Stowers Machinery was proud to participate in a recent panel for teachers in Knoxville and Kingsport as part of their continuing education hours.
Taylor Clark, Stowers’ organizational development manager, sat on the business industry panel at both seminars with other local business representatives; there was also a post-secondary education panel consisting of college professors and representatives from the Tennessee Board of Regents. The purpose of the seminars was to allow the panel and teachers to discuss what students need to do to prepare for post-secondary training and education and how that works hand-in-hand with what qualifications businesses desire in potential employees. Clark spoke about Stowers’ ThinkBig program, which trains students to be heavy equipment technicians.
In Knoxville, 15 teachers attended the seminar, and 10 teachers attended the one in Kinsgport. Most of the attending teachers were agriculture teachers, FFA advisors, and career and technical education teachers that serve the transportation and business cluster.
In addition to sitting on a panel, Taylor Clark also gave the teachers tours of the Stowers’ facilities at both locations.
- Some of the topics of discussion at the seminars included:
- Career opportunities in agriculture, food and natural resources available in the region and state.
- Business representatives discussing the landscape of their specific industry in Tennessee.
- The stepping stones of a career pathway in terms of training, first jobs and career advancement.
- What knowledge and skills students need to develop in high school to be successful in post-secondary training and careers.
- How each industry’s job offerings fit into Governor Bill Haslam’s new mission: the Drive to 55, which is the drive to get 55 percent of Tennesseans equipped with a college degree or certificate by 2025.
- What industry trends are occurring and how they will impact the preparation of high school students going into post-secondary education or the job field.
- Advice to educators seeking to build partnerships with professionals in an industry.
Tony Boyd, City of Chattanooga’s deputy director of citywide services, retired after more than 40 years of working for the city. Stowers has worked with Tony and the city for a long time, and we congratulate him on his retirement.
The City of Oak Ridge drew a crowd on a hot July day to help facilitate the groundbreaking for a new retail center where the old Oak Ridge Mall stands. Stowers lent the city an excavator for the event, which was used to ceremonially knock down a wall of the old mall, which will be demolished.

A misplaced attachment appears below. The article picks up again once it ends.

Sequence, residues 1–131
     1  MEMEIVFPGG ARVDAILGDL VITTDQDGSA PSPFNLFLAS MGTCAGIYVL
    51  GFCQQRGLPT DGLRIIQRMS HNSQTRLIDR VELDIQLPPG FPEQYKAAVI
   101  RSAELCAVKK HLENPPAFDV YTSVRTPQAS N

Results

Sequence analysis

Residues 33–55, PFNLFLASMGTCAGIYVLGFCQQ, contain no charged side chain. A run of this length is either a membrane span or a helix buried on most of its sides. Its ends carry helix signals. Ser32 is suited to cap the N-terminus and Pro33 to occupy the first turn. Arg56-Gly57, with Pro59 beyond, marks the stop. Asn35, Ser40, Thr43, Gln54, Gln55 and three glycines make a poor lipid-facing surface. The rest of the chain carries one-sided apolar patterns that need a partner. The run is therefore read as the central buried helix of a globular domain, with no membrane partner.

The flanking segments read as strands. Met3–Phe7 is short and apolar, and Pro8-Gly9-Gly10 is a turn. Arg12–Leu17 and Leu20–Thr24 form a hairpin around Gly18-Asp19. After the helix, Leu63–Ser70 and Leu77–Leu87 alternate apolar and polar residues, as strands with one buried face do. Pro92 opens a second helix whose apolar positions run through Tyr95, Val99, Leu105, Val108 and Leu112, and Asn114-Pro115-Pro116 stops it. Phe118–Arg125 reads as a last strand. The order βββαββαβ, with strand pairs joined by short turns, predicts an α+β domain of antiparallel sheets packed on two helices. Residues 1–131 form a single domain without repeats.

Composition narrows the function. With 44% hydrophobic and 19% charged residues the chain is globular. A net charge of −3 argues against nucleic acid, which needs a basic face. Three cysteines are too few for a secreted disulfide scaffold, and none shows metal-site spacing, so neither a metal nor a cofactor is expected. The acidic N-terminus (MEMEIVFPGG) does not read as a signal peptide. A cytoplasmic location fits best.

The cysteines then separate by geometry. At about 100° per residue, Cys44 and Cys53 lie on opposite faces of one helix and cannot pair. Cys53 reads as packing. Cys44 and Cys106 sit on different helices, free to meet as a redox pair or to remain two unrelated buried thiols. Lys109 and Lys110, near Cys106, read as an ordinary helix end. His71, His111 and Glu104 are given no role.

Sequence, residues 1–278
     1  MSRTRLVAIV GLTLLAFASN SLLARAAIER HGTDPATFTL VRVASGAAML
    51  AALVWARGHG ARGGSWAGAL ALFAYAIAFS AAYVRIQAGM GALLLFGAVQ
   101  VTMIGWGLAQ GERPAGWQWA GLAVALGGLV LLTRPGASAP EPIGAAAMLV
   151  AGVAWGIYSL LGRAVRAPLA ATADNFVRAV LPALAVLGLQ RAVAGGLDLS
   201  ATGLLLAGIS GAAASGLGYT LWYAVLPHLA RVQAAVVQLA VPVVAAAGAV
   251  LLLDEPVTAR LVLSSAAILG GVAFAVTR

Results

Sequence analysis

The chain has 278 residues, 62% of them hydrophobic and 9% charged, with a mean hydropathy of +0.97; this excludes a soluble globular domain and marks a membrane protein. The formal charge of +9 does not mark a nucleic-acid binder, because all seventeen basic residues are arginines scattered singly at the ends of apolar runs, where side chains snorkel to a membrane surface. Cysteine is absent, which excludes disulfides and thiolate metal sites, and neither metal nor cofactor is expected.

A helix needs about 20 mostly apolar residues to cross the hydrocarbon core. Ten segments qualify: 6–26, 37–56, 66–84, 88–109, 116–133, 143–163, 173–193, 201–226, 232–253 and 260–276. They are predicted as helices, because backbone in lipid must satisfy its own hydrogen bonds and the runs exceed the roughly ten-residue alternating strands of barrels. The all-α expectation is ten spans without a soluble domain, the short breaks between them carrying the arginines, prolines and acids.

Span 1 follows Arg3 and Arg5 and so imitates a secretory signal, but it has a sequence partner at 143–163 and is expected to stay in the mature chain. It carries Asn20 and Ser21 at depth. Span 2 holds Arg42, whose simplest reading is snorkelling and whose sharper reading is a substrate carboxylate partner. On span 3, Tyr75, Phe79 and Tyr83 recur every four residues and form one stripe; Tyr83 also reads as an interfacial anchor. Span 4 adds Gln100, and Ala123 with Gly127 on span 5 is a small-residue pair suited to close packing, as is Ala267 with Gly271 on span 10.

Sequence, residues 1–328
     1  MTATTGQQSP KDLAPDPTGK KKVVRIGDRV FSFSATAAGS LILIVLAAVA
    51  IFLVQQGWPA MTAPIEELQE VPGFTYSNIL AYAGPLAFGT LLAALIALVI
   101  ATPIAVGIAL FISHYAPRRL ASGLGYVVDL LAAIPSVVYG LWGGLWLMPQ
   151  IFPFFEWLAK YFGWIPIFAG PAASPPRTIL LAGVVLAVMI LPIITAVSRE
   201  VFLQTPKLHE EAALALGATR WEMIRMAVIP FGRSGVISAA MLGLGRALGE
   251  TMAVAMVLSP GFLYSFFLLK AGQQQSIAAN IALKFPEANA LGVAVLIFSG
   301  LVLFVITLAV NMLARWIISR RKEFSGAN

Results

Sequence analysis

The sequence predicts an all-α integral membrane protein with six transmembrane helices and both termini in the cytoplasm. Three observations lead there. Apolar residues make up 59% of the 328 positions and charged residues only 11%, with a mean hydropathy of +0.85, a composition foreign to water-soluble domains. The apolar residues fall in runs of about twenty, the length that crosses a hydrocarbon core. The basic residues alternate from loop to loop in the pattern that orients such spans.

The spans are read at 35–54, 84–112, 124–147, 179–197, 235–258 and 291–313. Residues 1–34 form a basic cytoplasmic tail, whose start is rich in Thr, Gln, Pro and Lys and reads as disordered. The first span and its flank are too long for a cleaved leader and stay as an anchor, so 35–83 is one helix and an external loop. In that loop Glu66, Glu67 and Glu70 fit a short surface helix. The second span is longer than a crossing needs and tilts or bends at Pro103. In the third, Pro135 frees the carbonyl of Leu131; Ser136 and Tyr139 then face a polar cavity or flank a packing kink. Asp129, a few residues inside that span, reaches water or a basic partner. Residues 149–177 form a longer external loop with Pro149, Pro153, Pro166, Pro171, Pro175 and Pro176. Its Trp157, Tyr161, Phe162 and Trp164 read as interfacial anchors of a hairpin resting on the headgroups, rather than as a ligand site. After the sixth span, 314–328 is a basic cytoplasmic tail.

by Tony Roberts, Stowers Truck Service
The goal of a successful preventive maintenance program is to establish consistent practice designed to improve the performance of the truck equipment, and improve safety for everyone.
Moreover, the planned maintenance of your truck equipment will help extend your vehicle’s life and avoid unplanned maintenance activity, whether related to the engine or chassis.
A successful preventive maintenance program is dependent on the cooperation of all parties involved, which is why it’s so important to have your maintenance performed by a reliable service provider.
Preventive maintenance is more than just changing oil and filters! Such maintenance should be performed by a qualified technician with the training and understanding to troubleshoot possible issues that could be a problem down the road–or even a possible safety issue that could prevent an accident.
Also, a fleet owner or owner-operator who values successful preventive maintenance will understand the significance of pulling oil and coolant samples and keeping good records. Once several samples are taken and analyzed, you can see how the engine wear pattern is playing out, and a reliable service department will keep your records on hand for you to request at any time. Fluid is also checked for foreign materials that will be analyzed by a qualified technician to determine what area of the engine is starting to fail. This process can save the truck owner thousands of dollars.
Here are other important benefits of a good preventive maintenance program:
• Better conservation of assets and increased life expectancy of the truck engine, chassis and other parts.
• Decreased equipment downtime; pulling samples can help eliminate unexpected failures.
• Improved safety and quality conditions for everyone.